Life art

How scrapbooking can turn a blank page into your life story

Amanda Goodwin, junior nursing major, is a renown for her scrapbooking pages. She has had 46 pages published and has won 18 awards for her creative scrapbook layouts. In the United States scrapbooking is a 3 billion dollar a year industry. The average scr

Credit: Ron Soltys


Since she was 12, junior nursing major Amanda Goodwin has known a world of brads and ribbons, stickers and embellishments, paper cutters and adhesive.

Goodwin scrapbooks.

She got her start by digging through her mom’s stash of supplies and experimenting with them. A few pictures here. A few alphabet letters there. Some glue to hold it all down on acid-free paper, and she was hooked.

“One page, and it was totally my thing,” she said.

Now, stacks of plastic storage cubes containing scissors, die cuts and stickers tower over her bed. Racks full of paper of every color, hue, texture and quality sit ready.

Goodwin has at least one book for each year since she started scrapbooking in 2000. She also makes specialty books, such as the guest book she made for her engagement party last August.

“Most of the time people go into scrapbooking for a specific reason,” Goodwin said. “For me, scrapbooking is more life-oriented. I’m a life artist. This is life art.”

And as life art, Goodwin said it must show both the good and the bad.

“One time I cut my finger with a knife, and I had pictures of the cut and stitches,” she said. “You’re almost telling a lie when you make this book with everything happy, because that’s not what life is.”

Goodwin’s not alone in her craft. According to the 2004 Scrapbooking in America Survey conducted by Creating Keepsakes magazine, scrapbooking is a $3 billion industry in the United States. Thirty-two million people scrapbook. Most are women, and they each own an average of $1,800 in scrapbooking supplies.

As Goodwin listed the costs of her latest album, those numbers aren’t hard to believe.

“You figure an album costs $20,” she said. “A sheet of patterned paper can cost up to $1. A pack of letters costs $4, and an alphabet can cost $3, but you can use this on more than one page. These are from a pack of stickers that probably cost $3. This is cardstock that probably costs 60 cents.”

Goodwin said she’s made anywhere from 20 to 30 albums during the past seven years. Each page takes about one to three hours, depending on her preparation. She always keeps a journal with her and writes down things that strike her and could help enhance the page later.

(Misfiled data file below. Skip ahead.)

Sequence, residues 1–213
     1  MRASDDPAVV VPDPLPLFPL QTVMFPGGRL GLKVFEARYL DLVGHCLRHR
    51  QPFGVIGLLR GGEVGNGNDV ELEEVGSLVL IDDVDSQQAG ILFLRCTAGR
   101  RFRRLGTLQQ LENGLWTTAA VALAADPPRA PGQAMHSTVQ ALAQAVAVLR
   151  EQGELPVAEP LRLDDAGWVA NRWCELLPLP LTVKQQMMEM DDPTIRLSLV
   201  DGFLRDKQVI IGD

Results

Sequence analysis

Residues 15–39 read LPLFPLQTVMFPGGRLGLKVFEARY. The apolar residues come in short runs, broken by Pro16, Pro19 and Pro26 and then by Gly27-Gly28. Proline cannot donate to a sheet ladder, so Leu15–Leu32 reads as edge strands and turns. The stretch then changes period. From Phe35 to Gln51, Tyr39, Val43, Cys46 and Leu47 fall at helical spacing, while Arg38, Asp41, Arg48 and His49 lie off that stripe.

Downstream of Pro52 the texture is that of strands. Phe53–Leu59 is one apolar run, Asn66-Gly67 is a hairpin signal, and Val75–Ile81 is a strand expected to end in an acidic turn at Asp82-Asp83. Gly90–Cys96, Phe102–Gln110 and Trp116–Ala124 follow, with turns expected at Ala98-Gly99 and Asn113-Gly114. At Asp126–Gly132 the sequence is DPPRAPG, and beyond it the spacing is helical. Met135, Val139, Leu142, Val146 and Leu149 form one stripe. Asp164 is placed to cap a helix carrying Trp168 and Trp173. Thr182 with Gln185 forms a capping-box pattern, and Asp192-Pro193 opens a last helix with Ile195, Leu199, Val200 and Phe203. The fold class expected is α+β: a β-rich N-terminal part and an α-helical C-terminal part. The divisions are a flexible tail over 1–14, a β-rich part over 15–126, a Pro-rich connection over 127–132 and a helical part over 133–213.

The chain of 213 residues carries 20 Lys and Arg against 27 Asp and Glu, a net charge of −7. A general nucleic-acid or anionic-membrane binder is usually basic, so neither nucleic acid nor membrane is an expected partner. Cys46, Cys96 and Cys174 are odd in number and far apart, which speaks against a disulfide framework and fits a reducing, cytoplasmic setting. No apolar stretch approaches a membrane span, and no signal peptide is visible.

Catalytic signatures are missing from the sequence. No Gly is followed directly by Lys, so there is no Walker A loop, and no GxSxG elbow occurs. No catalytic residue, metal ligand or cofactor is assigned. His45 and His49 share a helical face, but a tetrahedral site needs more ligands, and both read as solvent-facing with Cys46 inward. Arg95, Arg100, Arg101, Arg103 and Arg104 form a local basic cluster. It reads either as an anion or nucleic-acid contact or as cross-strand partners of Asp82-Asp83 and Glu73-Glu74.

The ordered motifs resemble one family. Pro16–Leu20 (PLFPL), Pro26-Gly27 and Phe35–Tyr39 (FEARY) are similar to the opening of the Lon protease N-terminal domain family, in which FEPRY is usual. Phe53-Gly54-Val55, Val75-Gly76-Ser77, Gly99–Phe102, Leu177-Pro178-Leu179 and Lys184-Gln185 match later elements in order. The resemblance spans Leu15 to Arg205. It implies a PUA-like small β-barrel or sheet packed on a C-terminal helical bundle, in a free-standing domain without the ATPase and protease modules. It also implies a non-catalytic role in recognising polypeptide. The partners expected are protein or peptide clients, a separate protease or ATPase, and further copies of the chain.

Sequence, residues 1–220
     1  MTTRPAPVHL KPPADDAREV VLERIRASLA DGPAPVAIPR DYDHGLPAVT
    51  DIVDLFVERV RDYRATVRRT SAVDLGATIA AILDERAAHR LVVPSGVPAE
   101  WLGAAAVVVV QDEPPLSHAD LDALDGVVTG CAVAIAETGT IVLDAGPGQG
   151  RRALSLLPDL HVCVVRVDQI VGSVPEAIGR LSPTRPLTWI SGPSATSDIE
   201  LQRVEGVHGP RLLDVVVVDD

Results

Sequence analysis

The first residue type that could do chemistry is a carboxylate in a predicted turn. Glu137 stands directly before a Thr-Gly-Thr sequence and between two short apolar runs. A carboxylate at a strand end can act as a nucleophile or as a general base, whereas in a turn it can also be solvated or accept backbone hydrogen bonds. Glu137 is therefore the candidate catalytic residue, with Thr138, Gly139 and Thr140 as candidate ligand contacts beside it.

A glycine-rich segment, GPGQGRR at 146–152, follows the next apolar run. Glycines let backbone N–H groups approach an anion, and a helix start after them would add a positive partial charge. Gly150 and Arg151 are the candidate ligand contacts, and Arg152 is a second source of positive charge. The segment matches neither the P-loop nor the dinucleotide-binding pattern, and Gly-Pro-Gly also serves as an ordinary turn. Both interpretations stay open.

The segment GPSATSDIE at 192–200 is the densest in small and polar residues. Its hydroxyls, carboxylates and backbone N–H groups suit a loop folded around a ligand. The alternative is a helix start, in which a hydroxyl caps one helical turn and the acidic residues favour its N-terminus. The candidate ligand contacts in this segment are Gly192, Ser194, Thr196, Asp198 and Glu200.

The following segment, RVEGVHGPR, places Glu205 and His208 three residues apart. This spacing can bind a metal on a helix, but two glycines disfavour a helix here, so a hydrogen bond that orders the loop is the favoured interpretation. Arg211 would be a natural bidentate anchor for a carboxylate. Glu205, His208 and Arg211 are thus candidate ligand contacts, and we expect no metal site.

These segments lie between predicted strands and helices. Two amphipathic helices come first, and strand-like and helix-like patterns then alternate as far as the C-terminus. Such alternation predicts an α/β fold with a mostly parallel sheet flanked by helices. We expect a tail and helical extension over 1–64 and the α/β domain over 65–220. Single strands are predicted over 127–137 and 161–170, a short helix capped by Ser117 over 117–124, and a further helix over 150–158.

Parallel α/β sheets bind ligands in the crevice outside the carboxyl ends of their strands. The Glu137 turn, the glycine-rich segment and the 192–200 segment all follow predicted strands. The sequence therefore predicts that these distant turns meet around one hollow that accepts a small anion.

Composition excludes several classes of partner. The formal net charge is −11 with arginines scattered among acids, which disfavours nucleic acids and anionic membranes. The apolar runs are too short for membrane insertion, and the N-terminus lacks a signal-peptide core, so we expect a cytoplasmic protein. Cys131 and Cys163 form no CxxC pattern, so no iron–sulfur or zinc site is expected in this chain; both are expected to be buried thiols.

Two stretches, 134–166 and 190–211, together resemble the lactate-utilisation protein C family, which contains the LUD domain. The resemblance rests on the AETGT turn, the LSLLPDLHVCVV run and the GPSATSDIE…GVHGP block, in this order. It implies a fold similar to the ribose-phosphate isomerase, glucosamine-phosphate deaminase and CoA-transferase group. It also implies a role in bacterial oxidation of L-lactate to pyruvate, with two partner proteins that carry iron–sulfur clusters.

“If I have journaling and a picture, it usually goes together a lot faster,” she said.

Forty-six of Goodwin’s pages have been published in magazines such as Creating Keepsakes, Memory Makers and Papercuts, all scrapbooking publications. She’s won 18 awards, including two blue ribbons for best of show at the Summit County Fair.

It’s also Goodwin’s job. She’s worked at The Scrapbook Shop in Copley for four years, where she’s witnessed scrapbooking blow up into a phenomenon.

Dawnielle Essig, manager at the Fairlawn Archiver’s, a national scrapbooking chain with 45 stores, agreed that scrapbooking has taken off into the mainstream.

“It’s available to people now,” Essig said. “It can be an intimidating hobby. There’s so much product and so much information out there. As it becomes available at more retailers, it’s opening to a wider market.”

Essig, who’s been scrapbooking for more than three years, said the age of her customers ranges from “little girls that come in with their moms to tons of pre-teens and teens, all the way up to people who have great-grandchildren.”

“You get drawn in as soon as you start,” Essig said. “It’s always a work in progress.”

And anyone can do it, said Goodwin. Anyone can put his or her life on paper to share, and anything can be a page.

“If you want to do it, you can,” Goodwin said. “It doesn’t have to look perfect. If your heart and soul is on that page, and you write what’s important to you, what else could you ask for?”

And for those who are intimidated by the art, guidance is available.

“If somebody needs help, we’ll give them ideas,” Essig said. “We’ll show them, help them find what they’re looking for, but we don’t make the project for them.”

Goodwin agreed and urged anyone who is hesitant to start scrapbooking to put it all out there.

“It’s not about looking perfect,” she said. “It’s about giving your family or friends or yourself your heart and soul on the pages. Just have fun with it.”

Contact student life reporter Adam Griffiths at [email protected].